The state-owned Sui Southern Gas Company (SSGC) announced the decision to suspend gas supply to the compressed natural gas (CNG) sector for two and half months from December 1 to meet the demand of domestic consumers during winter.
According to a notification released by the company earlier this week, the gas supply will remain suspended to “all CNG stations across Sindh and Balochistan from December 1, 2021, until February 15, 2022.”
However, the business community warned such decisions could wipe out CNG stations in in the country.
“We fear that about 20,000 people who are directly or indirectly associated with the CNG business will be affected along with their families,” Samir Najmul Hussain, convener of the Federation of Pakistan Chambers of Commerce and Industry’s standing committee on CNG, told Arab News. “It will also deprive the government of much needed revenue, exert pressure on the import bill, and add to the environmental woes.”
Owners of CNG stations also voiced concern over the decision.
“This practically amounts to driving CNG station owners out of business since this is the longest gas supply cut,” Shabir Sulemanji, chairman of the CNG Forum, said while talking to Arab News.
He informed that about 520 CNG stations out of 630 were operational in the two provinces and employed an average of 15 to 20 workers each.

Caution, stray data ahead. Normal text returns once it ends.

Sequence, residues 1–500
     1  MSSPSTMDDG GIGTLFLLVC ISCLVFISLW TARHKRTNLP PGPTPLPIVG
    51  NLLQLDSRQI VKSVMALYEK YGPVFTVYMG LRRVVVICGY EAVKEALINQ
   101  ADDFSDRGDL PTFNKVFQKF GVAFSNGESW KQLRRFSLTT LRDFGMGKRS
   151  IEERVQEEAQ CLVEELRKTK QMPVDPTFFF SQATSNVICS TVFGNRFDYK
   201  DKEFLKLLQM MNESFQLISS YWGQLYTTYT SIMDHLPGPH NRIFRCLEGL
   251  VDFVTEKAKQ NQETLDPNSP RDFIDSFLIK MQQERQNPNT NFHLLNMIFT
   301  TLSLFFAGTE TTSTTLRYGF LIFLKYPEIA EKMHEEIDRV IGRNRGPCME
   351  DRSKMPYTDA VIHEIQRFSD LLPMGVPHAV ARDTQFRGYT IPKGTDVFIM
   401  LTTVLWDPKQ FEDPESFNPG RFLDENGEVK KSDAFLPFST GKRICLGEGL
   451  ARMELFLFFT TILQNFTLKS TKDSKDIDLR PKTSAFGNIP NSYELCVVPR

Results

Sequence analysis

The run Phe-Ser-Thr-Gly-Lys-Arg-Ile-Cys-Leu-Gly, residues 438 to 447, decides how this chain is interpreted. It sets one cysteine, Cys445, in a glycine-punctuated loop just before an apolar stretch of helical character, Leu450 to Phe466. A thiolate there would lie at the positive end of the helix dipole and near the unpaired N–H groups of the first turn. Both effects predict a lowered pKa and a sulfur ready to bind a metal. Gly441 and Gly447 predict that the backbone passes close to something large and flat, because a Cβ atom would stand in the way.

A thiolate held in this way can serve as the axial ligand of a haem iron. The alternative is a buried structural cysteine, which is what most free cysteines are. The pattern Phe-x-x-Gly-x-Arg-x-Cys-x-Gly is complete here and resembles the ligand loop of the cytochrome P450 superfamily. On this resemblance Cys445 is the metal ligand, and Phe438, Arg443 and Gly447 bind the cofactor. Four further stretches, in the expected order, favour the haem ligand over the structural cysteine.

Pakistan faces a chronic shortage of gas during winter, as demand for heating increases. The situation is mostly managed by the authorities by resorting to such load management mechanisms.
The country is expected to face a shortage of about 2,281 million cubic feet per day (mmcfd) between December 2021 and February 2022 due to a decline in local gas production, according to various estimates.
Given the frequent supply cuts to manage the gas demand in the country, CNG traders believe the sector is gradually being phased out.
“The number of CNG station across Pakistan has declined by about 3,300 to around 16,000,” Sulemanji said.
The country introduced CNG in the 1990s as a form of green fuel for ordinary people, though traders believe the concept is now coming to an end. “The concept of this being a cleaner fuel is gradually over,” Sulemanji said.
Pakistan stopped issuing CNG licenses in 2008, though it lifted the official ban last year and allowed people to set up new stations where they could only sell re-gasified natural gas (RLNG).


Zahir Jaffer's lawyers request medical board to determine murder suspect's 'mental health'

Updated 01 December 2021

Zahir Jaffer's lawyers request medical board to determine murder suspect's 'mental health'

  • Jaffer’s legal team says medical board should determine “lunacy” of the main accused
  • At indictment hearing in October, Jaffer admitted he had committed murder of Noor Mukadam